Despite a history of hundreds of years of research analysing aspects of English grammar, there are still open problems which continue to baffle language researchers today. Such ‘grammar mysteries’ arise for a number of reasons: because the language is changing; because different speakers of the language adhere to distinct norms and thus introduce and maintain variation in the system; because there are differences between the grammar of spoken and written English. This book illuminates some of the complexities of the subject, the areas where new discoveries await and why it matters.
Through a series of accessible and engaging case studies on various aspects of grammar, from multiple negation to possession, the authors present grammar as an intellectual challenge. This book brings out into the open questions about language usage to which we still do not have good answers in a bid to make variation overt and to revel in the mystery of the English language.
Both aimed at the interested general reader and the beginning student of English language and linguistics, this is a fresh take on grammar.
Table of Contents
List of Tables
2. What you must say, what you can say and what you do not say: Grammar and norm
3. Over and out: Prepositions
4. You’ll never get nowhere: Double negatives
5. All the way from the Ukraine: The definite article
6. A large amount of exceptions: Countability
7. The author has finished this chapter last year: The present perfect
8. An even more interestinger topic: Comparatives and superlatives
9. I’m lovin’ it: The progressive
10. The good, the bad and the ugly: Adjectives
11. What it is is a nonstandard feature: Double be construction
12. Human dogs and inhuman people: Gender and related matters
13. The chapter that I put too many pronouns in it: Shadow pronouns
14. There’s heaps of money to be won: Number agreement
15. Because I’m worth it: Insubordinate clauses
16. They are cleverer than she and I: Pronominal case
17. Is that your wife again?: Possession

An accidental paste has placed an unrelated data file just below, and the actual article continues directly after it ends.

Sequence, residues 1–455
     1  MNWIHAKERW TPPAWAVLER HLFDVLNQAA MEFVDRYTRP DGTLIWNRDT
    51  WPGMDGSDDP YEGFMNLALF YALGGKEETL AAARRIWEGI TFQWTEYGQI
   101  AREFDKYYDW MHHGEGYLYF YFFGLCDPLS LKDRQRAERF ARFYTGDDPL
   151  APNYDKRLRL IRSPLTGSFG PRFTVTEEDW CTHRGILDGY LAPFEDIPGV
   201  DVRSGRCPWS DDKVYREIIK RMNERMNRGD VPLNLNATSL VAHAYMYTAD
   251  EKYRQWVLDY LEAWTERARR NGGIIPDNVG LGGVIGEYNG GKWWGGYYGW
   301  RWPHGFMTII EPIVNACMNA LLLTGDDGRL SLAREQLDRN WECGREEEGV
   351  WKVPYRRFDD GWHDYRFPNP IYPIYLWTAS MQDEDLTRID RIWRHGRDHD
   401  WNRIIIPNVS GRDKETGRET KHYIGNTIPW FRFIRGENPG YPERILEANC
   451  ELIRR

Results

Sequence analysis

Glossary: Language for language
Andreea S. Calude is a Senior Lecturer in Linguistics at the University of Waikato, New Zealand. She has a background in mathematics and linguistics and researches (spoken) grammar, language evolution, loanwords and just about any quantitative language-related question she can get data on. She is the Editor-in-Chief of Te Reo – the Journal of the Linguistic Society of New Zealand and the co-editor of Questions About Language, with Laurie Bauer (2020).
Laurie Bauer FRSNZ is Emeritus Professor of Linguistics at Victoria University of Wellington, New Zealand. He is the author of over twenty books including The Oxford Reference Guide to English Morphology (2013), which won the LSA’s Leonard Bloomfield Prize. In 2017 he was awarded the Royal Society of New Zealand’s Humanities Medal.
'In this exciting and innovative book Calude and Bauer demystify English grammar by cracking some of its hard nuts. Warmly recommended to anyone who is interested in the study of English syntax.'
Bas Aarts, UCL, UK
'This unconventional treatment of a wide selection of topics in English grammar calls many previous explanations into question. In citing factors which influence speakers' choices it goes beyond the narrow confines of traditional grammars to include overarching factors like on-going change, spoken-written differences, and the language variety of the speaker-user.'
Stephan Gramley, Bielefeld University, Germany